I'm continuing a series of reflections from my reading of Rabbi Joseph Telushkin's Jewish Literacy. Some of these reflections, like this one, take us far afield from the topic of the book, but I have found many of his comments and stories to be applicable elsewhere. Case in point today. In the section on "Destruction of the Temple", Rabbi Telushkin notes:
The Temple’s fall, more than any other loss, signaled to the Jews the final failure of the revolt. The Talmud speaks of Jews who went into a permanent state of depression, who “became ascetics, binding themselves neither to eat meat nor to drink wine. Rabbi Joshua got into a conversation with them and said to them: ‘My sons, why do you not eat meat nor drink wine?’ They replied: ‘Shall we eat meat which used to be brought as an offering on the altar, now that the altar is no more? Shall we drink wine which used to be poured as a libation on the altar, but now no longer?’ He said to them: ‘If that is so, we should not eat bread either, because the meal offerings have ceased.’ They said: ‘[That is correct, and] we will manage with fruit.’ ‘We should not eat fruit either, [he said] because there is no longer an offering of firstfruits.’ The ascetics responded that they would manage with other fruits. Rabbi Joshua said, ‘But we should not drink water because there is no longer any ceremony of the water libation.’” To this they had no answer, whereupon the pragmatic Rabbi Joshua advised them: “My sons, come and listen to me. Not to mourn at all is impossible, because the blow has fallen. To mourn overmuch is also impossible, because we do not impose on the community a hardship which the majority cannot endure.”There are some Christians, Jewish or not, who believe that it is wrong to observe Christmas or Easter because of their alleged pagan origins. I happen to be Jewish, and there is much about Christmas and Easter that is foreign to the Jewish culture. But to observe the birth and the resurrection day of the Messiah can be a wonderful thing. And actually, the pagan connection was likely that the church took over -- co-opted -- the pagan holidays to sanctify them. Nevertheless, some will insist that by virtue of a pagan connection in the first millennium, they are off bounds today.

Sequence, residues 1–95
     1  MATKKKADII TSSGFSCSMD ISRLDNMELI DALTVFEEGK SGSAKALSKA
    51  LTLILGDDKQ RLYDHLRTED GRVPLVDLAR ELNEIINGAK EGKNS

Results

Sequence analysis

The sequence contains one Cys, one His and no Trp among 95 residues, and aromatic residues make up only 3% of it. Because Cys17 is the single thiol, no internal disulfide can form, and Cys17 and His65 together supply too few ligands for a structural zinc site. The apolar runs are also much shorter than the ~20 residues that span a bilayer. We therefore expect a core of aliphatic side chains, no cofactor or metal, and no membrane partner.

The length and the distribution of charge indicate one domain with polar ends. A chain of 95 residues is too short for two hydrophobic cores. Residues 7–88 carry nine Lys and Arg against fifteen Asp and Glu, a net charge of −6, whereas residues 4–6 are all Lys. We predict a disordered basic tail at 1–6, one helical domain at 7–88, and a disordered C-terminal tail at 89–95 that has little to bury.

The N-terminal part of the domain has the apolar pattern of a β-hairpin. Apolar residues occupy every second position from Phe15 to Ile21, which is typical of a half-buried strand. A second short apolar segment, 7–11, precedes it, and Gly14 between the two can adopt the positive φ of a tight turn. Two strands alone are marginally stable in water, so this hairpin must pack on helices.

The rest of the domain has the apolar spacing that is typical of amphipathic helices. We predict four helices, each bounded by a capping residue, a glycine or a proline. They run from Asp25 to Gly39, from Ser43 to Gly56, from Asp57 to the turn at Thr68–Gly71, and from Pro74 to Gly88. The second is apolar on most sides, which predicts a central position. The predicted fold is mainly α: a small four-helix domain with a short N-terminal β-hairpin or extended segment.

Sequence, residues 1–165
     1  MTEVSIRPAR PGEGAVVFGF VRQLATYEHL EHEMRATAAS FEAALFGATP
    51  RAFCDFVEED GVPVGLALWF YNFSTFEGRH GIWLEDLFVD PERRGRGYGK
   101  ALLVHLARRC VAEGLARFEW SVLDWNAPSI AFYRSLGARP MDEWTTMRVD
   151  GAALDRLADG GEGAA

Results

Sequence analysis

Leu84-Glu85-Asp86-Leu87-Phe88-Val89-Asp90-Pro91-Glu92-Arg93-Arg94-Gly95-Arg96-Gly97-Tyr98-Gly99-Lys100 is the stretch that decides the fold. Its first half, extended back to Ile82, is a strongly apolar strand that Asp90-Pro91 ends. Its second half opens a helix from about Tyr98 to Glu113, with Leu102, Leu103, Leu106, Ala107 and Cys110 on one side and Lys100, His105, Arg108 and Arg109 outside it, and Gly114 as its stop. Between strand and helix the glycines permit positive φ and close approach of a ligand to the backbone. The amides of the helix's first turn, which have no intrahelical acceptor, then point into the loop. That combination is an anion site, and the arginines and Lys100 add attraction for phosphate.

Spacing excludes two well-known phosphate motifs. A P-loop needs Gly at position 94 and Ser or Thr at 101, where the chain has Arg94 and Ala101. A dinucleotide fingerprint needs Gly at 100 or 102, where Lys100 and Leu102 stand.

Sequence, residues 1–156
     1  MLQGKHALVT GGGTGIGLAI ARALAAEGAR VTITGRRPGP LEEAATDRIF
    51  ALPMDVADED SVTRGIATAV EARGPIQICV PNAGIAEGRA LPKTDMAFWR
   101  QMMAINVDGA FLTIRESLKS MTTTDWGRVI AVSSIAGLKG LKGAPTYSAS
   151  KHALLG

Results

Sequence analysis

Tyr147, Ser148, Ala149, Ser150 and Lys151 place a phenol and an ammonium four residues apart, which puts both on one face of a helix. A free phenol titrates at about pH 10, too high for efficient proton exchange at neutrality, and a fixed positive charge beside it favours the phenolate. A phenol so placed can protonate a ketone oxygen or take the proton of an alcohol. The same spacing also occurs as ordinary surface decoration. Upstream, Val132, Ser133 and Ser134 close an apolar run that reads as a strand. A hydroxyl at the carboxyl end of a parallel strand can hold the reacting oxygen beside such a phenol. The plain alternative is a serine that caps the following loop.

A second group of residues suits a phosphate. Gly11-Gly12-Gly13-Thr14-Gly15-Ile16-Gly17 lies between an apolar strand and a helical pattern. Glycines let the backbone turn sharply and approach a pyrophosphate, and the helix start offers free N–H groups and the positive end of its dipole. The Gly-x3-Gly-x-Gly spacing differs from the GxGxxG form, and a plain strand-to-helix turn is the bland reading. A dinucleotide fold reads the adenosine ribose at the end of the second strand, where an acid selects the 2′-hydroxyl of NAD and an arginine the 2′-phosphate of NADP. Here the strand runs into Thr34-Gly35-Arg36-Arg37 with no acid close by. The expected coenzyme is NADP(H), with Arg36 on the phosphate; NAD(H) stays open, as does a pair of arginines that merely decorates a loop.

To that, I offer a variation on Rabbi Joshua's argument:
"We shall not celebrate the Messiah's birth and resurrection because they were transformations of pagan holidays."
"If that is so, we should not call the names of the days as we do (Sunday, Monday, etc.) because they are named after pagan gods and celestial bodies."
"That is correct. We will manage with saying, 'first day,' "second day,' 'third day'" [as is actually done in modern Hebrew].
"We should not say that either, because English was a language that developed among pagans."
To this they had no answer.
From my mouth to God's ears. I'm sure though, that the anti-Christmas folks will have an answer even to that.